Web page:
Abu Dhabi, 27 September 2016
I once attended a sustainability related event where a speaker of some repute gave an interesting speech that pretty much said that if we wanted to resolve the global issue of trying to get everyone to a decent standard of living - he called it the ‘flat-screen’ lifestyle - we would be most effective if we brought the leading global supply-chain experts together to come up with the solution. This has stuck with me because it resonates so powerfully around using the best minds from the corporate world to address global sustainability challenges that are still problems for governments and NGOs to overcome, thereby making it glaringly obvious that partnerships and alliances are the best way to resolve the growing issues of sustainability.
Let’s not make this complicated. Sustainability is here to stay. It’s just that not every organisation has worked out exactly what their position is in the bigger picture; how they are going to tackle business unusual , how they embed accountability into their business model, what their position on key sustainability issues is or what they want their legacy to be.
Some organisations have traditionally been active in philanthropy and charity and jump straight to reporting to drive internal change. Others are reacting to increasing regulations to enable them to do business in new locations and jurisdictions and others are merely avoiding reputational damage as there is nowhere to hide anymore. Some companies ‘see the light’ with the arrival of a passionate and inspirational CEO who drives the agenda from the top down. But more and more the change is toward understanding the new business opportunities and value that comes from developing a sustainable business model.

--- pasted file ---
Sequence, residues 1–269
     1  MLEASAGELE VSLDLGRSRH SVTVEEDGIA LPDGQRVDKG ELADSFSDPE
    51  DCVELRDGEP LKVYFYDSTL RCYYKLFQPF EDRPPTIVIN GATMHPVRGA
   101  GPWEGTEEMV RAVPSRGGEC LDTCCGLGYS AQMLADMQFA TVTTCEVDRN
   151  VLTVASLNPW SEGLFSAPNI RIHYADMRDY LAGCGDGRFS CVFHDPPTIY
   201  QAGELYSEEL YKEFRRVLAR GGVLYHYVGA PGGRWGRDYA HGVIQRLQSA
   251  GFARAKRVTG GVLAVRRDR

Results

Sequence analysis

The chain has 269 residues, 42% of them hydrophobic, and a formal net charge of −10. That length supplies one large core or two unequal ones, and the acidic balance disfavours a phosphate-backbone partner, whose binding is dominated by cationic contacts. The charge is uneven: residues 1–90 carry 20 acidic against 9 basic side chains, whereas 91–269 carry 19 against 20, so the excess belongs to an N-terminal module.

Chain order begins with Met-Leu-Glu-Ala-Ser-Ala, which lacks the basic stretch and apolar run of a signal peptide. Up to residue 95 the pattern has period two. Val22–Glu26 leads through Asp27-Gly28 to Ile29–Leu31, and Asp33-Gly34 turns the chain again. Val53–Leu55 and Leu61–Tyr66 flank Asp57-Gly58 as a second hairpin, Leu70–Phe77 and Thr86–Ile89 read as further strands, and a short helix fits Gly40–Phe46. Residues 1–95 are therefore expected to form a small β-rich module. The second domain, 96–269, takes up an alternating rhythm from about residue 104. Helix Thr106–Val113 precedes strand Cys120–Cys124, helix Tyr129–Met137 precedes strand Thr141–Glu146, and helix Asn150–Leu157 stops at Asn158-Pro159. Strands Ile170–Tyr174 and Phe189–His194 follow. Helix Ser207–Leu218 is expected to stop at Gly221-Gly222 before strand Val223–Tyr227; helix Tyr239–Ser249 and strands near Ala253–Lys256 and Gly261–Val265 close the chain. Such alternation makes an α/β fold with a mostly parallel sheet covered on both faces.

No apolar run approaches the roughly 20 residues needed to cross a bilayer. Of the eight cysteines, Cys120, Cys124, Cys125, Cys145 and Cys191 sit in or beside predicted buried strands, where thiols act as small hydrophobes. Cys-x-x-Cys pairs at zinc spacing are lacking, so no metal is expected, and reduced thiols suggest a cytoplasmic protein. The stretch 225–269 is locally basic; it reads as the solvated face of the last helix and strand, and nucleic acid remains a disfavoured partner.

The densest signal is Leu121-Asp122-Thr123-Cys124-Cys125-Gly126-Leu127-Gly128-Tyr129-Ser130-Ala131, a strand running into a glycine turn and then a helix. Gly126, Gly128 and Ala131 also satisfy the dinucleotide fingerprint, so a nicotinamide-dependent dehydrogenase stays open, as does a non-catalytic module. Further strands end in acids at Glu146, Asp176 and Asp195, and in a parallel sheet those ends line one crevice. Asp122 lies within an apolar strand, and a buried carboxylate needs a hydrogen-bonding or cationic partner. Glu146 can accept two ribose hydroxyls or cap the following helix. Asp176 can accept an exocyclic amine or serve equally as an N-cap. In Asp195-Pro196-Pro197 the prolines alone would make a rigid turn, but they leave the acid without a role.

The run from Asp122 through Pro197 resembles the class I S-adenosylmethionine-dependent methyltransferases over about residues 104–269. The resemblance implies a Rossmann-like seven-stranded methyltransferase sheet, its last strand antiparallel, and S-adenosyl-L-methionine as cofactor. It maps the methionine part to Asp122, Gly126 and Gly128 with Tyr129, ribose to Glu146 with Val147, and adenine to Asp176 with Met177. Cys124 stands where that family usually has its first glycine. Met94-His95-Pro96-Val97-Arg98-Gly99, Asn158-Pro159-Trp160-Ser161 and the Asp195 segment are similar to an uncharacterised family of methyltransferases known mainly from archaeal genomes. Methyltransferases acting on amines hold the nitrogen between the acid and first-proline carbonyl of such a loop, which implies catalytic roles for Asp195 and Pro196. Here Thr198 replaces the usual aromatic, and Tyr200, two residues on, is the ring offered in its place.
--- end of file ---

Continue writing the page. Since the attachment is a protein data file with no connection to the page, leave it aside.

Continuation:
Whatever the reason, however big the catalyst, it’s nevertheless a journey that takes resilience, commitment and passion and I’m just talking about the people who are responsible for bringing about the internal changes to the businesses and organisations. Making changes within an organisation, however big or small is a bit like trying to manoeuvre a super tanker: it takes understanding and patience and lots of business language that doesn’t involve what might be perceived as ‘tree-hugging’, activist, world-saving fluff.
The strength in numbers and diversity
Where am I heading with this? Well I am edging towards the importance of finding allies, partnerships, working collaboratively and using commercial business skills to address some of the huge issues we are facing today, to ensure that the legacy we leave is a viable future for the generations to come.
What I am driving at is this:there is strength in numbers. Gone are the days that the buck gets passed on to someone else. We can’t just sit back and let governments set the agenda to address the huge global issues such as climate change, access to fresh drinking water, stable and affordable energy supplies, prosperous communities based on economic growth and job security and long term global food security.